BRIDGES observed National Domestic Violence Awareness Month in October.
For many of us, home is a place of love and comfort, where we are surrounded by care and support.
But for millions of other Americans, home is anything but a sanctuary.
The U.S. Department of Justice estimates that 1.3 million women and 835,000 men are victims of physical violence by a partner every year – often time the abuse happens right in their homes.
Every 9 seconds, a woman in the U.S. is beaten or assaulted by a current or ex-significant other. And 1 in 4 men are victims of some form of physical violence by an intimate partner.
People who are in abusive relationships will stay with their partners for various reasons:
- Their self-esteem is destroyed, and they are made to feel they will never be able to find another person to be with.
- The cycle of abuse, meaning the ‘honeymoon phase’ that follows physical and mental abuse, makes them believe their partner really is sorry and does love them.
- It’s dangerous to leave. Women are 70 times more likely to be killed in the weeks after leaving their abusive partner than at any other time in the relationship.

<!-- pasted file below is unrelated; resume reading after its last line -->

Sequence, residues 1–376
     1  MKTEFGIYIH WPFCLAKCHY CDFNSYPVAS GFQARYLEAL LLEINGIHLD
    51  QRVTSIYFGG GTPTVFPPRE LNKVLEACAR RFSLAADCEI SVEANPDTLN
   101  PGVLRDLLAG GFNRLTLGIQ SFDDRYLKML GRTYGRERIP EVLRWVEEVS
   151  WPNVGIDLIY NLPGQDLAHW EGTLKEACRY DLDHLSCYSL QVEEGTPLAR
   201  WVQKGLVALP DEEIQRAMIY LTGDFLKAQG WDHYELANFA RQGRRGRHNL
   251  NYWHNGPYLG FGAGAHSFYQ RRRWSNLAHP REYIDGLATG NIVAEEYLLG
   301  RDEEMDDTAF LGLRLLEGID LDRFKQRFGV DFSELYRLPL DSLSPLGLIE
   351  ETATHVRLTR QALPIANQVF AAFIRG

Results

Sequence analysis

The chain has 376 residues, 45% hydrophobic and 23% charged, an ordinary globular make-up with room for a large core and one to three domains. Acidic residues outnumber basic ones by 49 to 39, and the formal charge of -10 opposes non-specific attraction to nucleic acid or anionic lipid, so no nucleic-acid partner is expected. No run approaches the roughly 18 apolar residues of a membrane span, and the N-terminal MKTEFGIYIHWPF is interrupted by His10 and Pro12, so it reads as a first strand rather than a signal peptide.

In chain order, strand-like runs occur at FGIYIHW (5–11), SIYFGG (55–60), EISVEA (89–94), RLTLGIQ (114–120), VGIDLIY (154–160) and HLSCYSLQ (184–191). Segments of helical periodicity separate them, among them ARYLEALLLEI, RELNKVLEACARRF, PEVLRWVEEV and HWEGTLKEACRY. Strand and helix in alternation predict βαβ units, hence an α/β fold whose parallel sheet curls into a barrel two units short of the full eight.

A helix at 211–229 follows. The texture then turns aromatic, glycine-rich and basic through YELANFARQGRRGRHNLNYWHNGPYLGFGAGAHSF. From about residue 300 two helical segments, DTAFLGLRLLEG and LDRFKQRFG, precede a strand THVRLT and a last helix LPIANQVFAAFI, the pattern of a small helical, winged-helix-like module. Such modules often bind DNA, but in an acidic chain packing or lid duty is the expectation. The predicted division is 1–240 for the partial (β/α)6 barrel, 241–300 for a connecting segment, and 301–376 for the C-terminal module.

- Statistics show almost 5 percent of male homicide victims each year are killed by an intimate partner.
So what are signs that you are in an abusive relationship? Here a few of them:
- Your partner has hit you or beat you in the past.
- Your partner is possessive. He/she checks up on you constantly wondering where you are and gets upset at you if you are hanging out with certain people.
- Your partner is jealous. He/she accuses you of being unfaithful or tries to isolate you from family or friends.
- Your partner puts you down. He/she attacks your intelligence, looks, mental health, or capabilities, blames you for violent outbursts, and tells you nobody else will want you if you leave.
- Your partner threatens you or your family.
And so, we gathered during National Domestic Violence Awareness Month to remember and honor those who have been hurt or lost their lives at the hands of a person they once loved and trusted.
Here’s the most important part: If you or someone you know is experiencing domestic abuse, call the National Domestic Violence Hotline here for help.
And if you are in danger, call 911.
(Image credit: Walker Memorial Library)